By now, the nation knows Detroit kids can't add but what we learned — or re-learned — from the reaction to the now-infamous National Assessment of Education Progress (NAEP) results is that adults involved with the district have mastered politicking on the platform of educational failure.
After the dismal test results were announced last week for the sample of fourth and eighth graders who took the NAEP exam — scoring the worst in the history of the test — a flurry of statements, appearances and op-eds appeared. Mayor Dave Bing, who would like control of the district's administration in place of an elected board, called the results "another wake-up call for our community."
District Emergency Financial Manager Robert Bobb, who says he knew how bad the scores were weeks ago, called the results the "failing of adults" and trotted up to Lansing. There he used the dismal scores to lobby for control of the district's academics as well as its finances. Then back in Detroit over the weekend, he launched a citywide effort to organize volunteers to help kids learn to read.
The Board of Education, for its part, met Thursday and some of its members discussed whether the NAEP results were even accurate. "You can make statistics say whatever you want," opined Marie Thornton, who lost her seat in November's election. (Yeah, right. Statisticians who can make these numbers say Detroit schools work are invited to e-mail firstname.lastname@example.org.)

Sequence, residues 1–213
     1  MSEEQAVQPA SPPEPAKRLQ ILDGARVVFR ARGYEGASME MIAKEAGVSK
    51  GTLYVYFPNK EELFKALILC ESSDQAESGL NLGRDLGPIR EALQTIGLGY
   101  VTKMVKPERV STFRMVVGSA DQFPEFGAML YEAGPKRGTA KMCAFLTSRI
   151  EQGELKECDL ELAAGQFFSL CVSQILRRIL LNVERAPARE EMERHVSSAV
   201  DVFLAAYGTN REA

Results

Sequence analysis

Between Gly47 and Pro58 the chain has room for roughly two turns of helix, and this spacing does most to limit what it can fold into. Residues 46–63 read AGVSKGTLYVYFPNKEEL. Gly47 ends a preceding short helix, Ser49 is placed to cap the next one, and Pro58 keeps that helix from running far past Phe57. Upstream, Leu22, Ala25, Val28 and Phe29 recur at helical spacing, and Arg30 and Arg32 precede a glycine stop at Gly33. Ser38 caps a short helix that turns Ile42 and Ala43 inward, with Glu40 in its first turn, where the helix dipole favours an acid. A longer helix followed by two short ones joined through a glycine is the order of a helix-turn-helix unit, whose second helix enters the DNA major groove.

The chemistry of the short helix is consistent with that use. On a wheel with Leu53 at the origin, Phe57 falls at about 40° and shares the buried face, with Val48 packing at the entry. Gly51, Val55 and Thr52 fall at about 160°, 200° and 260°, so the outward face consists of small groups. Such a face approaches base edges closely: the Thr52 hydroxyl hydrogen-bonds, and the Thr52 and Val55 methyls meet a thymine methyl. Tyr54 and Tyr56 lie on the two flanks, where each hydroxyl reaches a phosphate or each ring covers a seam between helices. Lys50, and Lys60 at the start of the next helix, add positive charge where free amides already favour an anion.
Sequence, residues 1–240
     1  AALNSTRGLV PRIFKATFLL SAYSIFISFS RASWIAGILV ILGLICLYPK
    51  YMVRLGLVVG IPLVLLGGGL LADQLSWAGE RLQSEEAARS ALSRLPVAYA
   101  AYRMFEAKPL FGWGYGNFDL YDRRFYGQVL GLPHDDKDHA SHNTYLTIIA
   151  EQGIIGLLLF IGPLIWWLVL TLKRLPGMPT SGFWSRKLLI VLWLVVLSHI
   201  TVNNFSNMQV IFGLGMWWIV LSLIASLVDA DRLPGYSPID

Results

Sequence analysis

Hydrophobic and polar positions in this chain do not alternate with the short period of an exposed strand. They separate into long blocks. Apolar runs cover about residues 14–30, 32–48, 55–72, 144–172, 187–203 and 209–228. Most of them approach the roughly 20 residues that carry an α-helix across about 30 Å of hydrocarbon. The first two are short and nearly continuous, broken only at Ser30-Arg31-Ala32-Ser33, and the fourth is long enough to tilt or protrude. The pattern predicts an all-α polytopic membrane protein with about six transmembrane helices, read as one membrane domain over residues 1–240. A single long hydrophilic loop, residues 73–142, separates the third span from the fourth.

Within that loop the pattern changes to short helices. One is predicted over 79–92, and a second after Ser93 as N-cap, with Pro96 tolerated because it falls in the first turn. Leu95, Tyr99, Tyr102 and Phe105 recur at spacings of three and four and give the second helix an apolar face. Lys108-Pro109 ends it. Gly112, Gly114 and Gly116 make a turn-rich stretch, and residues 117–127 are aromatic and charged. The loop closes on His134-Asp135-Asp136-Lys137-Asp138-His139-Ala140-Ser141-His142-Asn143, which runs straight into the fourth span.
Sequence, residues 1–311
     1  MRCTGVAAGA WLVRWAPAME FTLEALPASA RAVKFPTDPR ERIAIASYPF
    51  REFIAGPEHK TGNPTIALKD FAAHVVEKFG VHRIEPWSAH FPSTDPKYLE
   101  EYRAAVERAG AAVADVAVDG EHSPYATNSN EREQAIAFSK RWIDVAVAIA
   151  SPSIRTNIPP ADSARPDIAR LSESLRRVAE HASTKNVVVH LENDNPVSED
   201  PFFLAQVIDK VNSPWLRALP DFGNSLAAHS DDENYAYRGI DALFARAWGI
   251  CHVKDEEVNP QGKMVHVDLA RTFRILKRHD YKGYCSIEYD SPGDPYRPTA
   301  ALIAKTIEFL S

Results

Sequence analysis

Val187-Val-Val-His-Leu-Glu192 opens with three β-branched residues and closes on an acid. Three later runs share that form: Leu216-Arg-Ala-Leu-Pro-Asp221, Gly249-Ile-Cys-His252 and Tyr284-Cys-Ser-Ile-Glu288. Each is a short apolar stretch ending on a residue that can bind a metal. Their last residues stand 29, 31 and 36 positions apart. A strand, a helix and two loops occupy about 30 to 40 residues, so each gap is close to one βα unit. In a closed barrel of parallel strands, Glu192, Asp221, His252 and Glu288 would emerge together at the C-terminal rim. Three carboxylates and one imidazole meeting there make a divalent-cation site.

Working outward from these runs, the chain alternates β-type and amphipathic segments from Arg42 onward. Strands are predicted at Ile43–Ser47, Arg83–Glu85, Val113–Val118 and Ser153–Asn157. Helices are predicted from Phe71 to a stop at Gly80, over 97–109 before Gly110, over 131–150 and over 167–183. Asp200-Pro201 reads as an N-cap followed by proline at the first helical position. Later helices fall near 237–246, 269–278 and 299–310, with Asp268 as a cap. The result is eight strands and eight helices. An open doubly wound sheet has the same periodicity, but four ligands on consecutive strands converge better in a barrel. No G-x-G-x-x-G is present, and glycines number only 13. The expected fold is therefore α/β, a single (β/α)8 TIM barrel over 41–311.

Board member Ida Short met with the Detroit Parent Advisory Council on Monday to tell members, "We knew the results would be bad when we agreed to give the test." To her point, the district's curriculum is aligned with the Michigan Educational Assessment Program, not the NAEP, but who cares when you can lobby for your power base on children penciling in the wrong answer?
Meanwhile, the Detroit Federation of Teachers is voting this week on a contract agreement that Bobb forged with union president Keith Johnson. It calls for, among other provisions, teachers to give the district what amounts to $10,000 loans. Bobb says it's a good deal for teachers: he wanted them to take pay cuts.
A vocal opposition has launched a recall drive for Johnson, accusing him of selling out to Bobb and paving the way for more charter schools in Detroit. The contract vote is expected Friday.
The American Federation of Teachers, the DFT's parent organization located in Washington D.C., issued a statement supporting the contract. "While this agreement must still be ratified, Detroit's educators, their union leadership and school administrators have reminded us all of what community means. Compromise, collaboration and mutual respect — as well as smart investments, even in a tough economy—are needed to bring our country back," it says.
Words to live by?News Hits is edited by Curt Guyette. Contact him at 313-202-8004 or NewsHits@metrotimes.com